The Big Systemic Market Structure ETF Risk That No One Is Talking About
It’s not every day asset management firms advocate for the right to pay new service fees. Yet that is exactly what we are doing.
Recently, FINRA put out a request for the ETF industry to comment on lifting Rule 5250 — a rule put in place long before ETFs were recognized as the vehicle of choice for the modern investor, a rule that prevents ETF issuers from properly incentivizing market makers.
As it stands today, ETF market makers are compensated through a “maker-taker” model, paid for providing liquidity and paying in for taking away liquidity. Those rebates are enhanced when taking on market maker obligations, which include continuous quoting of a two-sided market within a predefined spread range and a minimum acceptable amount of depth on the bid and ask.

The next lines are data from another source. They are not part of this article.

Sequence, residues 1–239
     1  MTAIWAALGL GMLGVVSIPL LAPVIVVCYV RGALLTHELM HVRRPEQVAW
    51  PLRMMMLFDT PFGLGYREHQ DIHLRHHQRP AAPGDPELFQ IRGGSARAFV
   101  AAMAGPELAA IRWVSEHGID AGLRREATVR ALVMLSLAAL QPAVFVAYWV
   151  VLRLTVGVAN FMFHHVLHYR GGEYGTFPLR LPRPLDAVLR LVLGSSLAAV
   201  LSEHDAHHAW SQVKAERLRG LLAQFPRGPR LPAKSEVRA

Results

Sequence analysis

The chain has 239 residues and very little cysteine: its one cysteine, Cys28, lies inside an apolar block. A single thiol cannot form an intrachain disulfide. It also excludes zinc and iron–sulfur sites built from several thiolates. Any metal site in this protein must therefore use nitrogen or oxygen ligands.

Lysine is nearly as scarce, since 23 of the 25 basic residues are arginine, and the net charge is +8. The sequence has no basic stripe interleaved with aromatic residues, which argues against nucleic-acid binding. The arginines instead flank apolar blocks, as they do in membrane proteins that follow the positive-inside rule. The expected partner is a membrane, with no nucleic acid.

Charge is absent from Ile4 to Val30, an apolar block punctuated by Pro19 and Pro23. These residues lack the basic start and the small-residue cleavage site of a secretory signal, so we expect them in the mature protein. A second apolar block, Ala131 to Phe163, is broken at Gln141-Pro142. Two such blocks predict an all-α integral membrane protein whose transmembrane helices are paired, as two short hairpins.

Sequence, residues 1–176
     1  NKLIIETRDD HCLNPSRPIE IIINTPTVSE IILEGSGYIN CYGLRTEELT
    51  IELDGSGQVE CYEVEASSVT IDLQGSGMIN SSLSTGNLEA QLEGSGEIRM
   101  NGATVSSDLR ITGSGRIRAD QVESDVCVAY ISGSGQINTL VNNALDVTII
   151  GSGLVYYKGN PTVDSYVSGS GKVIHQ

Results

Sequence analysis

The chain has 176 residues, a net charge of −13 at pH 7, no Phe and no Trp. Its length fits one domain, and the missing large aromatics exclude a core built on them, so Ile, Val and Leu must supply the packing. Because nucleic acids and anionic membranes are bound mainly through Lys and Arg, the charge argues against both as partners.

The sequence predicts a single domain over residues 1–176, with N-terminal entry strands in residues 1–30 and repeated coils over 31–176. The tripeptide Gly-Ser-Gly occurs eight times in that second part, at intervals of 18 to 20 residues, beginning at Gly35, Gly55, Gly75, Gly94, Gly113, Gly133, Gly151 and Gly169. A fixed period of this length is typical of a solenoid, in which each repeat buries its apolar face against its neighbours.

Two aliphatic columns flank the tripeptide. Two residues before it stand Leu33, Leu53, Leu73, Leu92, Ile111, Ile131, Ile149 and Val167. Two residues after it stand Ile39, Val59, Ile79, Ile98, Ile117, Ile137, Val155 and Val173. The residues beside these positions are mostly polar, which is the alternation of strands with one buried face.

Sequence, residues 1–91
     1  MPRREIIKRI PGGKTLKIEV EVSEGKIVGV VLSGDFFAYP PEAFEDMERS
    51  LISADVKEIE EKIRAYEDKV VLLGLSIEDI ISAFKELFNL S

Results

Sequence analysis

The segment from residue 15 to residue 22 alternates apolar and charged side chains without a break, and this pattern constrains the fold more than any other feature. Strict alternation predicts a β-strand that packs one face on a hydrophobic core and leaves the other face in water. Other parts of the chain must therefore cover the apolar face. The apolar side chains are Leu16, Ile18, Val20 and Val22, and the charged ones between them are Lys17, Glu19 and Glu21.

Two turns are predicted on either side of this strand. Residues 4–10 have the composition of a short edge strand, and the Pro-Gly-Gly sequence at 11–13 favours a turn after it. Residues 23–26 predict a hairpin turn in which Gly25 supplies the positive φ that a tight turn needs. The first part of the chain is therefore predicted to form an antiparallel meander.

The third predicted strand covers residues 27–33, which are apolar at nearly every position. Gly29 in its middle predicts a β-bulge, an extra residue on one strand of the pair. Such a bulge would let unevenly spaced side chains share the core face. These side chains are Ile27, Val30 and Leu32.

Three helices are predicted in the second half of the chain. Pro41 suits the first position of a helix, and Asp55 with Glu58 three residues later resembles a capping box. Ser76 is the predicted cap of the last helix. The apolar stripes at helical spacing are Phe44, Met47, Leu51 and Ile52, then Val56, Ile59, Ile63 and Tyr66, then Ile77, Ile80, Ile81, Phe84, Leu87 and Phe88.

While any market maker can trade ETFs opportunistically, only the lead market maker enjoys the enhanced rebates that the “LMM” programs offer. However, as market fragmentation continues, the primary listing venues where trading is eligible for the enhanced rebates only see fractional volumes.
This article was published by ThinkAdvisor, please click this link to read the article.